Jobs and Working

My Advice To People Who Want To Quit Their Jobs

Over the last few days, I have been thinking about the choices that police officers, Facebook employees, and employees of the federal government have made about their employment: whether to quit or to stay. They joined these organizations believing they were harmless, or maybe good, and came to question those assumptions.

Speaking about the police specifically, the decisions and statements made by union leaders elected by police officers in Minneapolis, New York, and other cities, make it obvious that the problems in policing don’t boil down to “a few bad apples.”

I found the statements of Lt. Bob Kroll, head of the Minneapolis police union, at a Trump rally last fall, particularly chilling: “The Obama administration and the handcuffing and oppression of police was despicable,” Kroll said. “The first thing President Trump did when he took office was turn that around … he decided to start let cops do their job, put the handcuffs on the criminals instead of (on) us.” Kroll is a man who doesn’t believe laws should apply to police officers, who thinks the only way to “do his job” is to disregard the constitution. 

I’m not someone who thinks it is always impossible to change things from the inside. I spent years trying to change a bank from the inside (conveniently, also collecting a paycheck), and had some successes changing things, before I ultimately determined I needed to leave Capital One.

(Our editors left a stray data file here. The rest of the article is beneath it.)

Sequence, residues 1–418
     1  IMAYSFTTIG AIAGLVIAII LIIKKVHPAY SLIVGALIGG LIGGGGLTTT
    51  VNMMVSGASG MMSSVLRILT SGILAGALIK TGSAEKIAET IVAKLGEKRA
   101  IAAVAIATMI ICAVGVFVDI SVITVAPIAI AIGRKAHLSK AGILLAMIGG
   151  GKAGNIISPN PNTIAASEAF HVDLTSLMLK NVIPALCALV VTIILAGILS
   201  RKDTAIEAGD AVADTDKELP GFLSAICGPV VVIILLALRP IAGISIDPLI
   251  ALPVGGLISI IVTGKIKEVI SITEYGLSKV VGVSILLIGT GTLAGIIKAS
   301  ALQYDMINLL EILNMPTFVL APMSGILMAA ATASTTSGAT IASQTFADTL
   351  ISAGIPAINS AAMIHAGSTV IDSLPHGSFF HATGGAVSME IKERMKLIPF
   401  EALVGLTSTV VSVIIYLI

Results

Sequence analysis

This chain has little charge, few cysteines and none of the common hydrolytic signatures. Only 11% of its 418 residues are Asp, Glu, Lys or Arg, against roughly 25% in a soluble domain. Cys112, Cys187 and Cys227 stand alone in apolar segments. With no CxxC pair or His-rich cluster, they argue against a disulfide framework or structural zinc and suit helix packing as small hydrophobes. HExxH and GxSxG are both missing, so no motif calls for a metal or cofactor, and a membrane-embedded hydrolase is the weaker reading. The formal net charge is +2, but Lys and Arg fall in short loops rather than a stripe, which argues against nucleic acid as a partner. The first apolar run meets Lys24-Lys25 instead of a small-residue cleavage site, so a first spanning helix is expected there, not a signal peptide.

The choice to leave was triggered first by Capital One’s choices to charge higher interest rates than it had before, simply because it had concluded that customers weren’t that “sensitive” to the higher prices. Even that wasn’t enough to convince me to make a clean break: I continued consulting part-time, for a few months, and then quit again because of Capital One’s decision to shorten “grace periods” to extract more late fees from each customer. Both decisions made by the company reflected the same underlying (unspoken) mentality: the more we could squeeze from each customer, the better.  

But I know I had it easy. I don’t have any kids to support, and I had a good amount of savings from my years of working in banking. I know leaving a job during the COVID-19 depression must be much harder.

If you’re on the fence about whether to stay or leave at a flawed institution, I’d like to offer myself as a resource and a sounding board. Our conversations will be off the record, unless you want to be connected with a reporter who could help you tell your story. I don’t consider myself an expert or a hero by any means, but I do think I can be empathetic, and I understand how challenging and confusing these choices can be.

If you’re working at a flawed institution of any sort, whether that’s a police department, a private or public company, or anything else, I’d encourage yourself to ask yourself the following questions:

What evidence do I have that my actions here can actually change anything?

I had moments at my old job where I spoke up for customers and was able to change things. But in my last six months at the company, even though I was nominally in a position where I had a little bit of power, I was losing way more fights than I was winning on behalf of customers. When you are speaking out for what is right, is it making a difference?